Herdsmen have killed more Nigerians than Boko Haram has done in 2016.
According to very conservative figures compiled by TheCable in 2015, Boko Haram killed over 4,000 Nigerians within the calendar year, down from 6,347 in 2014.
From 2009 to 2015, the insurgents put a halt to more than 30,000 lives – innocent civilians full of dreams of their own, dreams that could have been useful to the country’s match to development.
However, the current trend shows herdsmen may outrun Boko Haram for the cruellest killer group in Nigeria for the year 2016.
So far in 2016, very conservative figures have shown that the sect has killed at least 440 people in Nigeria, while Boko Haram has killed 202 within the Nigerian borders.
BOKO HARAM “TECHNICALLY DEFEATED”?
In January 2016, the sect, which was said to have been technically defeated, was on the receiving end of the Nigerian army’s firepower, perpetrating little of no attacks in January.
The sect however launched its offense in February, after the military claimed to have freed 1,000 civilians and killed 100 members of the sect.
Boko Haram killed about 60 people in Dikwa, Borno state, on February 9, as it struggled to renew its campaign in the northeast, claiming its largest casualty for the year.
Four day later, Boko Haram killed another 22 people in Biu, Borno state, in a deadly suicide attack, showing the state of the sect.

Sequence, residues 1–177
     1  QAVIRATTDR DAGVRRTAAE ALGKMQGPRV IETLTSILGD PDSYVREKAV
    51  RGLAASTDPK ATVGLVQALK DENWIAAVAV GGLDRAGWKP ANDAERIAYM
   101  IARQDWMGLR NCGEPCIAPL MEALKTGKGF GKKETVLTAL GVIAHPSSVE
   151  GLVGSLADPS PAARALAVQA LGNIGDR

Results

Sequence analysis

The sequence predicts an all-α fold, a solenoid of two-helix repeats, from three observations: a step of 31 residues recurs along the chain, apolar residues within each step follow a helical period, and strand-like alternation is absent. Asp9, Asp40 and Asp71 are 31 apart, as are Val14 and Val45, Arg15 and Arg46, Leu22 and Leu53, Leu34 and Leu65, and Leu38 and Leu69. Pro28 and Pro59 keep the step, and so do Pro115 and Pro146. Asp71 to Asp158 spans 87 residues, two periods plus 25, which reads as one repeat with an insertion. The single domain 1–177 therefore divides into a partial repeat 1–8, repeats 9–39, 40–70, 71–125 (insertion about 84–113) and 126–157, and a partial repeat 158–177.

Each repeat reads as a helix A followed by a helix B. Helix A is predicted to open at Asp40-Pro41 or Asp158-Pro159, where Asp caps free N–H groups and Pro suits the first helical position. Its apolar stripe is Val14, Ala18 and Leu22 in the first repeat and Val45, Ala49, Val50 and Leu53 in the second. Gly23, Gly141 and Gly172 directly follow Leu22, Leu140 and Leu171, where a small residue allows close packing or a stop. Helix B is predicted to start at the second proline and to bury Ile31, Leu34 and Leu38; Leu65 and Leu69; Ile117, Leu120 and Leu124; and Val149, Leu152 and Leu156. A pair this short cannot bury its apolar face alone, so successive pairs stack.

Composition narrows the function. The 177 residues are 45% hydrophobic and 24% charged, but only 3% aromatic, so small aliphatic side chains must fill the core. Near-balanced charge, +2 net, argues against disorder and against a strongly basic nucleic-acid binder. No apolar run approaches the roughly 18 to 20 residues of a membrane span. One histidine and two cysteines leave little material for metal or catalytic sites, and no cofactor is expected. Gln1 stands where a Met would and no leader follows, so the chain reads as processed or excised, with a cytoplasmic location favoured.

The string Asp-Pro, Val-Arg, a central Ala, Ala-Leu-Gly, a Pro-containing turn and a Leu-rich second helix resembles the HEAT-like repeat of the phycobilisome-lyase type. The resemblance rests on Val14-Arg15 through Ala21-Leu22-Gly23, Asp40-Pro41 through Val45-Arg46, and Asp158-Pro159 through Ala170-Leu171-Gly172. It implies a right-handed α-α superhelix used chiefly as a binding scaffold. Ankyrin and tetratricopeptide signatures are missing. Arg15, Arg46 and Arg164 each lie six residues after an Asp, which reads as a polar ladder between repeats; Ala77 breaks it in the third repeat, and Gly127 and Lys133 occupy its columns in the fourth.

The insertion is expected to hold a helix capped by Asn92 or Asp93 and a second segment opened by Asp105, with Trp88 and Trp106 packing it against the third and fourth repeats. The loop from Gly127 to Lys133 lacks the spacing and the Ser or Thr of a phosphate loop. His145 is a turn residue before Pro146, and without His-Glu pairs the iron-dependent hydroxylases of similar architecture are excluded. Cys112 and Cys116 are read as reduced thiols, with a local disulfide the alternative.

In March, 2016, Boko Haram’s largest attack was in a mosque in Maiduguri, where the two suicide bombers, who were young girls, killed 22 people.
Based on our tracking data, the Nigerian army has killed more Boko Haram terrorist and arrested much more than the sect has done to civilians in 2016 – underscoring the upper hand of the military in recent times.
HERDSMEN HEADING FOR DESTRUCTION?
Herdsmen on the other hand have continually killed with little or no opposition from security agencies.
On February 6, 2016, herdsmen were reported to have raided Buruku, a town in Benue state, killing 12 people. Less than a week later, six others were killed in the Agatu community of the state.
With little or no opposition from state actors, the herdsman came for a full bloodbath in the last week of February, killing over 300 members of the community, in what has been dubbed the Agatu Massacre.
After the massacre, herdsmen, went on to raid Tarka, Logo and Buruku communities, were over 20 deaths were recorded.
On Monday, herdsmen were reported to have killed at least nine people in Nimbo community, Enugu state, leaving another nine injured, in what was referred to as a “barbaric slaughter”.
The herdsmen have been also reported to have attacked Oyo, Ondo and Ekiti in theft raids rather bloody ones as seen in Enugu and Benue.
BUHARI’S INTERVENTION: TOO LATE?
As national outcry against the herdsmen grew louder, President Muhammadu Buhari, at the book launch of Ike Ekweremadu, deputy senate president, said he had ordered the military to take action.
“I deeply sympathise with all those who lost dear ones, as well as those who lost their properties, in the attack,” Lai Mohammed, minister of information said on behalf of the president.
“I have directed the chief of defence staff and the inspector-general of police to secure all communities under attacks by herdsmen, and to go after all the groups terrorizing innocent people all over the country. This government will not allow these attacks to continue.”
Nigerians believe that if the herdsman are not curbed, cattle may worth more than human life in the days to come.